I read this article about someone suing Apple because Apple did not disclose that Apple might store iCloud data with Amazon or Google and they were somehow harmed because they paid Apple a premium for iCould storage under something akin to false pretenses. Well it’s time to set the record straight kiddies.
The data industry and all legal people involved with it need to adjust to this simple fact: If a company encrypts your data and then processes your data using someone else’s hardware, the company is the ONLY entity involved with your data.
Every year since 2007 I have regularly negotiated dozens of agreements with data privacy and commercial attorneys at very large companies to process the personal data of some of the most powerful and famous people in the world. Very often the “other side” is operating under the false impression that vendors will protect their data against all loss and that vendors will compensate the customers for all of their losses if the data is lost/corrupted/breached/etc. This appears to be the same impression the general population, and more specifically, the litigants in this Apple iCloud suit, are operating under.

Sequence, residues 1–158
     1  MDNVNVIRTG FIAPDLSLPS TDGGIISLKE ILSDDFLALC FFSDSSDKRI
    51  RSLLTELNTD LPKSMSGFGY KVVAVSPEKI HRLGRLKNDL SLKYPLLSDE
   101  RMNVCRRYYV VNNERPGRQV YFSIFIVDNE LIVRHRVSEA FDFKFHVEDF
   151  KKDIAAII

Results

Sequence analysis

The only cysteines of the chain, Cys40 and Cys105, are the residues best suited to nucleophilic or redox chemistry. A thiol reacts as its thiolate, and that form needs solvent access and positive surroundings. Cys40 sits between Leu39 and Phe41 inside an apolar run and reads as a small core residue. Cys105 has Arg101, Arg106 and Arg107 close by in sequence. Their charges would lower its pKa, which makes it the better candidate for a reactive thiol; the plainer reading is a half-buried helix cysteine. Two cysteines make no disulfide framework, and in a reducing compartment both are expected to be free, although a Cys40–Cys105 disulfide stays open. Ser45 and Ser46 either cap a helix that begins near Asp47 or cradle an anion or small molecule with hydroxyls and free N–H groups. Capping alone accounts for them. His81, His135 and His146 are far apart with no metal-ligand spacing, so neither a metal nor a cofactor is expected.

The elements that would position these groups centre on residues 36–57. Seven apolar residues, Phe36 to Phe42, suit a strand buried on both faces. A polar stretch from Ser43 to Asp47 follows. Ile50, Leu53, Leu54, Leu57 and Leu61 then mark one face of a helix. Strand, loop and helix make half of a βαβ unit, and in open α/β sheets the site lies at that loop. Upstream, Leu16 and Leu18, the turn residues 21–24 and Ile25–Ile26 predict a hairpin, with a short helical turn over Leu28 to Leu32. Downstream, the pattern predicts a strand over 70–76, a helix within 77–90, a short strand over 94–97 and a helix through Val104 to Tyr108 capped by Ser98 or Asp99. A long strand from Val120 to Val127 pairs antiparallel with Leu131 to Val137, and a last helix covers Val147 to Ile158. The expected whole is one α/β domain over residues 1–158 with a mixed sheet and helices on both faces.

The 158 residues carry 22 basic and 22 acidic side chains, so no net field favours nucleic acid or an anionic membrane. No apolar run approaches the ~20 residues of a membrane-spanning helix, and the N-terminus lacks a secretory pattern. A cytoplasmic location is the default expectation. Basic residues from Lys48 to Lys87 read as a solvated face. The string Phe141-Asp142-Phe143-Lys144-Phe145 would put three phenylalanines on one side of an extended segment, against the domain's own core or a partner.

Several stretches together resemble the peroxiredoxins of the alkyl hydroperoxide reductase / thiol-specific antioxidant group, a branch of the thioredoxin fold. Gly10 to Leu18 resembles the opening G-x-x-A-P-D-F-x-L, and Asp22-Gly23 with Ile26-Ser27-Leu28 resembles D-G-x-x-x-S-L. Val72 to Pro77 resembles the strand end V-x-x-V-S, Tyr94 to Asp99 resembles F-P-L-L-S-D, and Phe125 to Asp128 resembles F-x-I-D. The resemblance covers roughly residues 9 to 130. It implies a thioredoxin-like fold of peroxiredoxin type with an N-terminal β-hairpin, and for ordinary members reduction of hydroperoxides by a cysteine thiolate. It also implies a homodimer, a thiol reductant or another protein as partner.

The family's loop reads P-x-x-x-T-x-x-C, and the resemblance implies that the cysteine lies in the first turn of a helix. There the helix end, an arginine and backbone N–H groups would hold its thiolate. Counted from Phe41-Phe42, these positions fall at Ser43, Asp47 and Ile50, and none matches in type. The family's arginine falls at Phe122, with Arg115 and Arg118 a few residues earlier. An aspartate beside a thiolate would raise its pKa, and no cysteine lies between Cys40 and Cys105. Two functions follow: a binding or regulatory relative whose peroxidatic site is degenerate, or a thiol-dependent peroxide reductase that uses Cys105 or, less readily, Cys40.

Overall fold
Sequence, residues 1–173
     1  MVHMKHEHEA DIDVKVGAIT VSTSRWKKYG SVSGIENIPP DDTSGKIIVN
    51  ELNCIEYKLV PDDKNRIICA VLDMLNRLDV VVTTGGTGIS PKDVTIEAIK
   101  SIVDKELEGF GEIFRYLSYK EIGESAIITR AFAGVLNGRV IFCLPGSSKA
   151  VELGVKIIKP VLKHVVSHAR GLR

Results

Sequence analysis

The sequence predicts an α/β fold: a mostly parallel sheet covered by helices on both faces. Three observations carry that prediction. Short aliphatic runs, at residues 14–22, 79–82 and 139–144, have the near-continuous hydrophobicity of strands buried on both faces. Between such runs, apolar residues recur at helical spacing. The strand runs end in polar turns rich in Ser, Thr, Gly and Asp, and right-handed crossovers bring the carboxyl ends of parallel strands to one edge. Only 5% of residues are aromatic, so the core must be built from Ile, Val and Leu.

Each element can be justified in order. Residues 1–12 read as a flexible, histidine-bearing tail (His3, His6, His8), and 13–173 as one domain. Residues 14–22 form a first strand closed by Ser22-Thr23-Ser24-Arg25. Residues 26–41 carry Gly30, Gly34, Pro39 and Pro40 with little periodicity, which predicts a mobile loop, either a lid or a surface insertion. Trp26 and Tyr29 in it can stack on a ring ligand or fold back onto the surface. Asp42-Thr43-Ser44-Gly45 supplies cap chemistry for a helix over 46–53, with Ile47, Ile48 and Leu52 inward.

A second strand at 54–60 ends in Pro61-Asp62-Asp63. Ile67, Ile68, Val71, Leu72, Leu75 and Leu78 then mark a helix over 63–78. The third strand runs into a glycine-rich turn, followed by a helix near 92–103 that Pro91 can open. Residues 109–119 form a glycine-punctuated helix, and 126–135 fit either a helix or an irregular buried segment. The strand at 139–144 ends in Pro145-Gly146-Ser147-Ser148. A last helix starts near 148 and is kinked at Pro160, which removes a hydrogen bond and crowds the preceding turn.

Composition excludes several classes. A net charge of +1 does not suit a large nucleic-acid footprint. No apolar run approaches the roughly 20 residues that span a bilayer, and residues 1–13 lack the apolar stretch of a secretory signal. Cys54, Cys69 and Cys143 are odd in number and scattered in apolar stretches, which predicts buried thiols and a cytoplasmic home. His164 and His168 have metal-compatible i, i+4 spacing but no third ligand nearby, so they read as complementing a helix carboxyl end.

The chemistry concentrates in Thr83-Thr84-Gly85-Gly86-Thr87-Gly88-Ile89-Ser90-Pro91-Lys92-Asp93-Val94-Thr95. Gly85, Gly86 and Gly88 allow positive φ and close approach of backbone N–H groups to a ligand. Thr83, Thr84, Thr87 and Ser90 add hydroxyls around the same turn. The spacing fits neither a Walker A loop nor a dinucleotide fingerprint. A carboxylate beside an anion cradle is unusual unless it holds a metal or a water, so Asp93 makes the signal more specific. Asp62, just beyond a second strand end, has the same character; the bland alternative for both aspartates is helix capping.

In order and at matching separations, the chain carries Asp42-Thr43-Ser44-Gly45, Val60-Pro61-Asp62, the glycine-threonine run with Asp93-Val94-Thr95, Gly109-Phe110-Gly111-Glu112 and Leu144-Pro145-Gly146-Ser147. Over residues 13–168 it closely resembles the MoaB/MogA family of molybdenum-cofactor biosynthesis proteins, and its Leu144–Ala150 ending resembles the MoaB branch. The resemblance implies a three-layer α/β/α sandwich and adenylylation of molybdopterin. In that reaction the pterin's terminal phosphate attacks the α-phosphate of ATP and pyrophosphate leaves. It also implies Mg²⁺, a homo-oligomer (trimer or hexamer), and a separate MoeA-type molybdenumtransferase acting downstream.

These people are all simply wrong. Apple is doing this correctly and I applaud them for setting the proper standard in the industry. The amount of time, energy, and money spent every year trying to improperly* hold companies accountable for their sub-processors’ activity is literally incalculable. The industry needs to adjust and move on to more productive uses of their resources.
Enjoy the mini legal lesson below.
* It is ALWAYS proper to hold a company responsible for their sub-processors’ activity if the company does not encrypt the data being processed by a sub-processor. That situation is Something Different.